#5048183 Where to begin on first game

Posted by metsfan on 29 March 2013 - 06:15 PM

Whoa, you're getting way ahead of yourselves.  You're talking about game subsystems and you haven't even decided on an engine yet.  First decide HOW you are going to build your game, then you can decide on the parts after that.  


Once you have decided on your language, and platform, you should decide if you are going to be building your own engine or leveraging a 3rd party engine.  If you don't use a 3rd party engine, you will have to build abstractions around many things yourselves, namely: audio, networking, rendering, user input, GUI, utilities, as well as a few other things I've surely forgotten.  Not to mention, there is a fairly large middle ground.  You can use certain software packages called "middleware", so that you can implement your own engine, which customizes the game engine in ways that suit your specific game, but implement generalized functionality for certain parts. As an example, I am building my own engine, but I use FMOD to manage the audio, as that is a particular area that I have no interest in interacting with.  However, when it comes to the networking, I have decided to manage this myself, as I don't feel like handing control over to a 3rd party library would make sense for my particular game.


Once you have decided whether you are going to use a prebuilt engine, build a frankenstein (some middleware and some of your own stuff patched together) , or totally from scratch, THEN you can decide how to build your game.  


Overall, I would say the first thing you need to decide is how you are going to drive your game's data.  Every game is data driven.  You have levels, enemies, objects, players, NPCs, ect.  You need to decide how you will load these different types of entites into your game.  How you will serve them up to the player.  And of course, how you will store them so they can be accessed the next time the game is loaded.  


Once you have a good architecture for the data driven section of your game, you must then decide how your players will enter the game.  Will there be a login screen?  Will they start a new game from a selection screen?  Will there be options?


Here's all I'm going to say from here: if you've gotten this far and you still want to make a game, come back here.  We will help you.  But until you have got this far, you aren't ready to make a game.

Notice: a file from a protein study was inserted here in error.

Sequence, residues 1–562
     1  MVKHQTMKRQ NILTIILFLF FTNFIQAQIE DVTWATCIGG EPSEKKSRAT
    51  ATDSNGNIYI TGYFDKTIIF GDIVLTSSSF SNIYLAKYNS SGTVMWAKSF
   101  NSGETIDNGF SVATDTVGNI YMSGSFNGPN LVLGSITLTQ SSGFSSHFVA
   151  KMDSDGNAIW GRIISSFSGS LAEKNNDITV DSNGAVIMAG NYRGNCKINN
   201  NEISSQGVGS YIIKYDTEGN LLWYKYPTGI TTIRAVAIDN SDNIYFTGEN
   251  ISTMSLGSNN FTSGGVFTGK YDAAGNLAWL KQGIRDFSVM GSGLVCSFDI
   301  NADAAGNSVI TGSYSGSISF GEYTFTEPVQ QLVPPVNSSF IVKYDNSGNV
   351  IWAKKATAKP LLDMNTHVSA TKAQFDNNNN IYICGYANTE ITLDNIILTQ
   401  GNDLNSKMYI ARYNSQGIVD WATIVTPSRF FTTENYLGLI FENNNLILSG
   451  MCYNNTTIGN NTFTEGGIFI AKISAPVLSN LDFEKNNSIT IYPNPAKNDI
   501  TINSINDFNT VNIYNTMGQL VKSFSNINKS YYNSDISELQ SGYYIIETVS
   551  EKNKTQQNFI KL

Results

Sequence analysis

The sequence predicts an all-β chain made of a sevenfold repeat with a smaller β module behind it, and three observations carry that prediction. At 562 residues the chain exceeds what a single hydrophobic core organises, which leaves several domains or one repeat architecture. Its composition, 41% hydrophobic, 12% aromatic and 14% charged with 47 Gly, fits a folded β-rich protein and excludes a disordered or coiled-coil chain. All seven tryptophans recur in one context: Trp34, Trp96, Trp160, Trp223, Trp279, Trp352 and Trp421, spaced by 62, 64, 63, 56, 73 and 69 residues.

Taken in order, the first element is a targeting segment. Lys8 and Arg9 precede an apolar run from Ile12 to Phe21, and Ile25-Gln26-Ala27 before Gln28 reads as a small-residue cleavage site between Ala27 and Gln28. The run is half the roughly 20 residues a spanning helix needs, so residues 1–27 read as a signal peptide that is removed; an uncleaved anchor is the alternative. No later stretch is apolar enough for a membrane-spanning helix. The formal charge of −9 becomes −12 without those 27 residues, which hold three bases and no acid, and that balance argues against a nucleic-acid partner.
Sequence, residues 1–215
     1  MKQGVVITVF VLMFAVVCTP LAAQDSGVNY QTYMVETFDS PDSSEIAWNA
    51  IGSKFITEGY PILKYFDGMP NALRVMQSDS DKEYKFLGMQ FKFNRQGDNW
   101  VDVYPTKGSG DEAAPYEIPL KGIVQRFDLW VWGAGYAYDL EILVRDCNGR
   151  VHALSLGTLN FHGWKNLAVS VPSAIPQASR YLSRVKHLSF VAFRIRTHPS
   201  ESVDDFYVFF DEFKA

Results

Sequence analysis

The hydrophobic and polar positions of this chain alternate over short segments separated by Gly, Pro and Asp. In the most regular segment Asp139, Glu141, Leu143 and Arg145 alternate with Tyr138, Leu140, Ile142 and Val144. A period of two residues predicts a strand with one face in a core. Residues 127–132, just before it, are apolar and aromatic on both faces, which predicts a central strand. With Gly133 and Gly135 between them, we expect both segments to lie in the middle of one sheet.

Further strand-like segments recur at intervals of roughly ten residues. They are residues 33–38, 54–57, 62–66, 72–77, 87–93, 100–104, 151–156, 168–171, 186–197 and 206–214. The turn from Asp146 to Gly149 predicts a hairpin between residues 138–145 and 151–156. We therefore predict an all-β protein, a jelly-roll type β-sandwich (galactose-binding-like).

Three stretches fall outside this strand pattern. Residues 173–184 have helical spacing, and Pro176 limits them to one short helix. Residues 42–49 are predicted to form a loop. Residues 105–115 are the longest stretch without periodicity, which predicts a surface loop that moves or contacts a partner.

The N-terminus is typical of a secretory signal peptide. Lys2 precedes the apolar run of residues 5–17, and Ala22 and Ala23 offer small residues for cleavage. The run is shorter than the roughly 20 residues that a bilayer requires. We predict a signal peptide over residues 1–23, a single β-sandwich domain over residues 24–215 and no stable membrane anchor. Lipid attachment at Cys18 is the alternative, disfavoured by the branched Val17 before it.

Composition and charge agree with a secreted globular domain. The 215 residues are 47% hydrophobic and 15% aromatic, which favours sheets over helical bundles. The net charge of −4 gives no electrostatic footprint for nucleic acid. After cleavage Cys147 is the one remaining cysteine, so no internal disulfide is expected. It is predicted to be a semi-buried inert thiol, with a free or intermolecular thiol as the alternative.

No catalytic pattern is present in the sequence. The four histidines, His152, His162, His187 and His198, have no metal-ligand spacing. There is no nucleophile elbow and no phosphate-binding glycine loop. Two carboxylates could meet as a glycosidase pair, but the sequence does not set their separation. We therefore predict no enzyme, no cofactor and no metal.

#5048026 What is functional programming and how can it help us in game developing?

Posted by metsfan on 29 March 2013 - 10:26 AM

For one thing, functional programming typically handles multithreaded situations much better because of the lack of mutable state.  As a result, things that you typically would do sequentially, you can spread out among multiple threads, and you can thread by task.  Also, the idea of functions being first class citizens can be a useful paradigm when trying to move away from an global event manager model (which I have grown to hate).  Just a couple of ideas, there are more.

#5044031 Anyone here a self-taught graphics programmer?

Posted by metsfan on 17 March 2013 - 02:41 PM

Self taught grahpics programmer here.  I learn mostly from books, whitepapers, and additional help from internet forums  (such as this website, and StackOverflow's gamedev section) when I have trouble finding the answers on my own.  There is more than enough material out there to learn.  I find the best way for me to learn is to pick small projects and try to accomplish them, then work your way up to bigger projects.  A good exercise to get started is to create a mini graphics engine (just the very basics, simple abstraction of shader programs, vertex buffers, textures, and the graphics context).  Then you can use this engine to power your testing and development.


Best of luck.

#5044030 Image class still needed ?

Posted by metsfan on 17 March 2013 - 02:37 PM